The thyroid gland sits in front of the trachea, below the larynx. It is responsible for controlling metabolism by producing hormones that are carried through the bloodstream, affecting everything from oxygen to heat consumption. When your thyroid produces too much or too little hormone, it can have a serious adverse effect on your body.
Your thyroid is a crucial organ, regulating the amount of energy your body consumes. Sometimes, it can produce either too much or too little thyroid hormone, creating an imbalance that affects the organs.
When the it is overactive, it produces excess hormones that speed up metabolism. This condition, known as hyperthyroidism, causes your heartbeat to speed up, leading to anxiety and irritability.
What are the symptoms of an overactive thyroid?
Symptoms include weak muscles, trembling hands, weight loss, fatigue, vision problems and an increased sensitivity to heat. It is frequently linked to Grave’s Disease, a disorder that causes the immune system to produce antibodies that attack the thyroid gland, causing it to produce too much hormone.
What are the symptoms of an underactive thyroid?
With hypothyroidism, the opposite occurs. Not enough hormones are produced, causing the metabolism to slow down. This leads to sluggishness, depression, weight gain, dry skin, constipation and an increased sensitivity to cold. Hashimoto’s Disease is a condition similar to Grave’s Disease, only it causes the body to produce too little hormone.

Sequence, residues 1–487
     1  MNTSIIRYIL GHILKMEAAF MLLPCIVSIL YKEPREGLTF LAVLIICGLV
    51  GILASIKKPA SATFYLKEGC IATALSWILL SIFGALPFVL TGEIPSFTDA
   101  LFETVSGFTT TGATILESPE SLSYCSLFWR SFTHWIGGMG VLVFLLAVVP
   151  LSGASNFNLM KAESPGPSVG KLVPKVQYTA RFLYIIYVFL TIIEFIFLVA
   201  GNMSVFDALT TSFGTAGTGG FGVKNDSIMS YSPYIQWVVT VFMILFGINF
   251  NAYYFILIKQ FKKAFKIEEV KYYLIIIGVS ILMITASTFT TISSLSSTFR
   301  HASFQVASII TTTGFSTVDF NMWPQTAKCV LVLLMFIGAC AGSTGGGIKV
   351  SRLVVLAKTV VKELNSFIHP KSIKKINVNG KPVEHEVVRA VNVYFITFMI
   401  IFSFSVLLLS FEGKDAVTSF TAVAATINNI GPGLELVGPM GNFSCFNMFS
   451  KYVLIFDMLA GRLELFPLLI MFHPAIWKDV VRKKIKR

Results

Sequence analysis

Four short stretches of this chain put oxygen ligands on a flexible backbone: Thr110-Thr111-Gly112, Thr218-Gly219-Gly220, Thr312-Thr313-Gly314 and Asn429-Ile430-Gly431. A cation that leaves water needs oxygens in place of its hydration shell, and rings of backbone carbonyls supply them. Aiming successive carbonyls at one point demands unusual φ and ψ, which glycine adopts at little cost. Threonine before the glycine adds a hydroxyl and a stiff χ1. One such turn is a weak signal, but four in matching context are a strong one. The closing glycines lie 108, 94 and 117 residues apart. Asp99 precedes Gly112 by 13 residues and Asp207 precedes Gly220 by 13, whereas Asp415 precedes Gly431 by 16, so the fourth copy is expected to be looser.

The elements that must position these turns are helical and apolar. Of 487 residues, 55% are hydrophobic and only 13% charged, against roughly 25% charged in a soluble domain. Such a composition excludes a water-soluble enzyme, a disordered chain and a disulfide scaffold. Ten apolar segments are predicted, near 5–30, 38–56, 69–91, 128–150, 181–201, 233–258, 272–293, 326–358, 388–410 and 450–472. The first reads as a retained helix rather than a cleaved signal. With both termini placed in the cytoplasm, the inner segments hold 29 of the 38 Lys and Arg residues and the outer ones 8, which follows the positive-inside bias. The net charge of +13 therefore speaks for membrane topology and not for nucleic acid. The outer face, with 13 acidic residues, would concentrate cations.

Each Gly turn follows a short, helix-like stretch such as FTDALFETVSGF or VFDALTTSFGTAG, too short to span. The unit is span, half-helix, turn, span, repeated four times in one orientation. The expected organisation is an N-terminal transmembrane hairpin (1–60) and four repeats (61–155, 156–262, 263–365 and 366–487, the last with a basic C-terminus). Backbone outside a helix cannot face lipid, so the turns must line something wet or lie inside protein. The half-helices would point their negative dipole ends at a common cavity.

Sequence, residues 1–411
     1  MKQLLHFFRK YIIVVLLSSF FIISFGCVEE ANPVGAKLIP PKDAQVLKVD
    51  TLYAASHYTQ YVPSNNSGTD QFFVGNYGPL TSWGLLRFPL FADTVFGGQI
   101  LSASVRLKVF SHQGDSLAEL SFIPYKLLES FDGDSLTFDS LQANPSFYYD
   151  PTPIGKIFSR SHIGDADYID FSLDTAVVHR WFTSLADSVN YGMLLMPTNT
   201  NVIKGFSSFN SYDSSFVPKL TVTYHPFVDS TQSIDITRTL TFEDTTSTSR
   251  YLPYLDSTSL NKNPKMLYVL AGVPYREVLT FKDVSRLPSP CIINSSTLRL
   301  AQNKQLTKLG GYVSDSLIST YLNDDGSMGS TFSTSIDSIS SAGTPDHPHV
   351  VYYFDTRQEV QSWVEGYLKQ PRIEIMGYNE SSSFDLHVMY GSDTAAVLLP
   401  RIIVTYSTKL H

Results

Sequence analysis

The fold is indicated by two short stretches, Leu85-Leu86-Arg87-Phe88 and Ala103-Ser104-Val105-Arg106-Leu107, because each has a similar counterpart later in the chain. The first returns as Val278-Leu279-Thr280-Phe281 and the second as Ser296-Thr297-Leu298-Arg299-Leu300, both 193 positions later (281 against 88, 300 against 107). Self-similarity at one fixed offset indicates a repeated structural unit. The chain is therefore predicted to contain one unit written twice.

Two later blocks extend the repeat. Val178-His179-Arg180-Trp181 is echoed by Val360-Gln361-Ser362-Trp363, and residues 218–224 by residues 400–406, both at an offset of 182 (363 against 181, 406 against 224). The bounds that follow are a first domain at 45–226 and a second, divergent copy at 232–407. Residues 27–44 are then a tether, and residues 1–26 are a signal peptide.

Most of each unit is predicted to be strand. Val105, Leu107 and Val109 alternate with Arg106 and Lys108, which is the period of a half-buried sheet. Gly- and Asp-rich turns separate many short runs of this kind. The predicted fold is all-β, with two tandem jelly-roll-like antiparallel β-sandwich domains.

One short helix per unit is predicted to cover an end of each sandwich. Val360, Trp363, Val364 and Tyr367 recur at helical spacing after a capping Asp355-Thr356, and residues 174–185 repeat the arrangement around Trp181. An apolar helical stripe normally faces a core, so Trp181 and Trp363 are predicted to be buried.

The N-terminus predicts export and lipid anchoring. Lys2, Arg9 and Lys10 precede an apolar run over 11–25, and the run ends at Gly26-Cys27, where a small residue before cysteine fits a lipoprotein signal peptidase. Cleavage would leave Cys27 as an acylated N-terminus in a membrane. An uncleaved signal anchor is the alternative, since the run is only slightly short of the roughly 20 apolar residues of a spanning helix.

What treatments are there for a thyroid condition?
Treatment for thyroid disorders differs, based on whether you are suffering from an overactive thyroid gland or an underactive gland. Hyperthyroidism is managed with radioactive iodide, anti-thyroid medication or surgery. People with hypothyroidism must take a synthetic thyroid hormone, usually for the rest of their lives.
Thyroid Nodules, Masses, Surgery
Thyroid nodules are lumps in the thyroid gland that may be solid or filled with fluid. They are usually noncancerous and rarely cause problems. In some cases, they may enlarge to the point where they cause breathing and swallowing difficulties or stimulate overproduction of thyroid hormone. Treatment depends on the size of the thyroid nodule and whether or not it’s cancerous. If a biopsy proves it’s benign and it isn’t causing any outward trouble, your doctor may suggest taking a wait-and-see approach. Unless it grows larger, treatment can be avoided. Surgery is the option of choice for malignant (cancerous) thyroid nodules.